Construction of the jury to help the Houston court system deal with the backlog

Efforts to reduce the backlog of tens of thousands of cases in Texas’s busiest court system got a boost Monday with the reopening of a newly restored building for jury selection.

Officials and attorneys say restoring some normalcy to the jury selection process is one of many solutions needed to bring relief to Houston’s criminal justice system Harris County Criminal Court still undergoing repairs after damage caused by Hurricane Harvey and there are more than 89,000 pending felony and misdemeanor cases, a number that grew during the coronavirus pandemic.

“It will make a difference, but I’m not going to pretend that the jury hall is open, all of a sudden we’re going to hit (needed case resolution rates). That’s not going to be the case overnight,” Harris County Judge Lina Hidalgo, the county’s top elected administrator, said Monday.

Harris County, the third most populous county in the country, is not alone in facing mounting court backlogs due to the pandemic. Other states, including Arizona, Michigan and Nevada, have also dealt with delays. But Harris County is unique in that even before the pandemic, its criminal justice system slowed down due to Hurricane Harvey.

The Jury Assembly building in downtown Houston had been closed since being inundated with at least six feet of water during Harvey in 2017. Extensive flood damage to the assembly building and criminal courthouse across from the street greatly slowed the flow and resolution of criminal cases in Harris. County.

Jury selection for trials was moved to cramped, outdated buildings before the pandemic shut down the process in the spring of 2020. When jury selection resumed in the fall of 2020, it was moved nine miles away to NRG Arena, a county-owned facility that often hosts concerts and trade shows.

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Many defense attorneys didn’t like the move to the arena, as potential jurors had to be far enough apart due to the pandemic in makeshift courtrooms where attorneys couldn’t always see the facial expressions or body language they normally use. to choose a jury panel, Joe said. Vinas, president of the Harris County Criminal Lawyers Association.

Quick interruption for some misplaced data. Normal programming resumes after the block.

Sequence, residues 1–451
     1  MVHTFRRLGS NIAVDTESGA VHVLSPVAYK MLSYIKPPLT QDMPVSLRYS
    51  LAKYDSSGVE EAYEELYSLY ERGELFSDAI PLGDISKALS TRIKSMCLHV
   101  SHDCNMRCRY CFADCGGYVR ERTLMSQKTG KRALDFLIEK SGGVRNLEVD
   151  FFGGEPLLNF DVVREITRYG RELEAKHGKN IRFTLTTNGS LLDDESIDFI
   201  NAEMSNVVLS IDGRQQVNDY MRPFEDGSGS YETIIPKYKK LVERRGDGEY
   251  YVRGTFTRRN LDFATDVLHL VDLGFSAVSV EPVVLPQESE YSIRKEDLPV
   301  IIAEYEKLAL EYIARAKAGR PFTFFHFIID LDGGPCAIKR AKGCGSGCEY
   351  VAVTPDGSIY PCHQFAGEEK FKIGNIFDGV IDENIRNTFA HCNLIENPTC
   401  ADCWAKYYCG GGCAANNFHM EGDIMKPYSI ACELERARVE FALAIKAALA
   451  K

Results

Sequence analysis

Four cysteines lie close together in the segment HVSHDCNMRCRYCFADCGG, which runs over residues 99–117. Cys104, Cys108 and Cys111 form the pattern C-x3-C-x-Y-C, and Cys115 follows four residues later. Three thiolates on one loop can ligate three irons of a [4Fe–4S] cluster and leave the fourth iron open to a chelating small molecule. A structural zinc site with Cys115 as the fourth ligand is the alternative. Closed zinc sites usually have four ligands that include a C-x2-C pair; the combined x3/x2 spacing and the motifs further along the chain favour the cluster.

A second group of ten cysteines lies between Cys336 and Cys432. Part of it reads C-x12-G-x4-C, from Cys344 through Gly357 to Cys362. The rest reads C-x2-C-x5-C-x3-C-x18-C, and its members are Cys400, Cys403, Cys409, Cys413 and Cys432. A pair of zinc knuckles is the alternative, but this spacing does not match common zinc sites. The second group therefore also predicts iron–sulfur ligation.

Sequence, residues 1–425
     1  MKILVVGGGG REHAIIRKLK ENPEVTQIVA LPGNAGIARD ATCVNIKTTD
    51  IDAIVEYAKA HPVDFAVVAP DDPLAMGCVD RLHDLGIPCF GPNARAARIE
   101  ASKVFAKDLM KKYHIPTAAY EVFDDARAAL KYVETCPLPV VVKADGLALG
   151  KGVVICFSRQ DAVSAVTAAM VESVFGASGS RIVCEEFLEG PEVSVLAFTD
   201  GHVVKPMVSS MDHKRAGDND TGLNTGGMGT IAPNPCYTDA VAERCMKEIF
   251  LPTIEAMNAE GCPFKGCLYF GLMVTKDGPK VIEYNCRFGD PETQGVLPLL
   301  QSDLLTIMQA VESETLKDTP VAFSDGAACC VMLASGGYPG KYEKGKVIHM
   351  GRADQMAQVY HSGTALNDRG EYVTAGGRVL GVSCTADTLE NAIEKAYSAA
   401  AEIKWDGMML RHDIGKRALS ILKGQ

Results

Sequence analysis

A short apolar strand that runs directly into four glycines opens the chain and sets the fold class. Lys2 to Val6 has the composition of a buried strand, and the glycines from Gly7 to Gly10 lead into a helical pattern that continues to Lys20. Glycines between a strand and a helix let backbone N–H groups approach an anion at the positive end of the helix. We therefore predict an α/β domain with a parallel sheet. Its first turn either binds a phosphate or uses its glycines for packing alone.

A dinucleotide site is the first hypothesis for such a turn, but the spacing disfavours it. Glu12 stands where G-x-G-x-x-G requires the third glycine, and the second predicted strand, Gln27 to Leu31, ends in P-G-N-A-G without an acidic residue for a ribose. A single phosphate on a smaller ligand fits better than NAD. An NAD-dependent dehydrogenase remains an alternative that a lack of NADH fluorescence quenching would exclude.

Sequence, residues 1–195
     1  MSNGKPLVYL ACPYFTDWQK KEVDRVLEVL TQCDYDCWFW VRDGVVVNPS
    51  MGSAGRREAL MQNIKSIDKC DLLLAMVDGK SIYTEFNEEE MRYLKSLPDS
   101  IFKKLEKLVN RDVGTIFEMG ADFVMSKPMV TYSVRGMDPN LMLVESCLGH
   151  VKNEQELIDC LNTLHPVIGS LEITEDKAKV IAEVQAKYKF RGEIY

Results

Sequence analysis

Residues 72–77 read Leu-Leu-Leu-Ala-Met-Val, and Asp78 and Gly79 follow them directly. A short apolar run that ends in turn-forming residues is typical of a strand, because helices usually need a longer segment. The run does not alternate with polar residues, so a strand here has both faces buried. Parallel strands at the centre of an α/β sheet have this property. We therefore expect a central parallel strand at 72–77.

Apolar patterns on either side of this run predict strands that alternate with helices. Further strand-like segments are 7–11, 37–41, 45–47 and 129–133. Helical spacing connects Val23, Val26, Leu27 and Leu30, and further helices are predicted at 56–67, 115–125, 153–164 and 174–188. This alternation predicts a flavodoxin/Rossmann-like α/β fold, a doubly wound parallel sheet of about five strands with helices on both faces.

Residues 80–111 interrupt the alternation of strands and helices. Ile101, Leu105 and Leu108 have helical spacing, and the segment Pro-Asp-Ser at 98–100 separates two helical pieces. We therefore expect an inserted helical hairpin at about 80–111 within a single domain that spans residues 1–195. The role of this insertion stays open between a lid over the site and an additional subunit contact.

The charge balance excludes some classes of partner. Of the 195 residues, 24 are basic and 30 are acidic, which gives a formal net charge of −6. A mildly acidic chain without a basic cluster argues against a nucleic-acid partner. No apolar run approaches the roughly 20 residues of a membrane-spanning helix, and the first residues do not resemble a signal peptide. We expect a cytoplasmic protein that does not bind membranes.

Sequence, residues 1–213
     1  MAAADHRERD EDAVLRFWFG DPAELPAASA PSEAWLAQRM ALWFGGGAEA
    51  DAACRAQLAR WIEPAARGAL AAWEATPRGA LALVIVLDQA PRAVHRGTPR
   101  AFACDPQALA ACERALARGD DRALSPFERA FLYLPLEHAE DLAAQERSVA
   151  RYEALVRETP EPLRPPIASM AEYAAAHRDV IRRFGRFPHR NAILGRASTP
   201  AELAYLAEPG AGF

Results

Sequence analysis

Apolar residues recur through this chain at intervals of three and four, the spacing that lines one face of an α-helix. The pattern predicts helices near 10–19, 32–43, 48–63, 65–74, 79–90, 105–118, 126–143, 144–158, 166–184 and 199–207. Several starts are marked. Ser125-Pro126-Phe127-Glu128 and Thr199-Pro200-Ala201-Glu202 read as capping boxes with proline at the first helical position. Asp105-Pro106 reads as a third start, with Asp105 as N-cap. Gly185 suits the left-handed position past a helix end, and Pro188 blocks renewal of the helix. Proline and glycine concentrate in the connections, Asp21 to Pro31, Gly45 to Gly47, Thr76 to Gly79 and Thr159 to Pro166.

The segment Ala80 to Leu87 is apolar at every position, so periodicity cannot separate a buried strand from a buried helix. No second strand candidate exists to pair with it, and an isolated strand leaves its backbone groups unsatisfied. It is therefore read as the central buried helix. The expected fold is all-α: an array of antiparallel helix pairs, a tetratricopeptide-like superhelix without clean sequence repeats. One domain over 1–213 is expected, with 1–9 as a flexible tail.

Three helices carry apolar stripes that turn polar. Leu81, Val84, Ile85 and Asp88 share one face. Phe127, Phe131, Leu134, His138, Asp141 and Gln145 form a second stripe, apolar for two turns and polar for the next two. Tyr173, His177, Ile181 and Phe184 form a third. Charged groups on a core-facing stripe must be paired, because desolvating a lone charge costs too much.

“In my opinion, it was not a constitutionally sufficient method of selecting a jury,” Vinas said, adding that he was “very happy” that jury selection had returned to downtown Houston on Monday.

Some judges also resisted having jury selection in the arena, Harris County District Clerk Marilyn Burgess said.

“We’ve been able to accommodate and provide jurors for anyone who wanted one, but many, many people didn’t want to do it,” Burgess said.

Vinas said he used to tell his clients that a case could be done in about a year. He now has cases that take four to five years to complete.

“It’s not good for anyone to have so many cases sitting when we don’t have the infrastructure in Harris County to handle them,” Vinas said.

Hidalgo said county officials hope to address the backlog and rise in violent crime with a fiscal year 2023 budget that includes $1.4 billion for justice and safety programs. Some of the initiatives the county hopes to fund include money to hire visiting and associate judges, improve prosecutors’ starting salaries and improve systems for processing and sharing evidence, such as body camera footage.

Although officials will only be able to hold about 522 people in the repaired jury assembly building, which is half the number of people that could be in the facility before the pandemic, Burgess said this is a good first step.

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“I think we will start to have an impact on the backlog by being back here,” he said.


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George Holan

George Holan is chief editor at Plainsmen Post and has articles published in many notable publications in the last decade.

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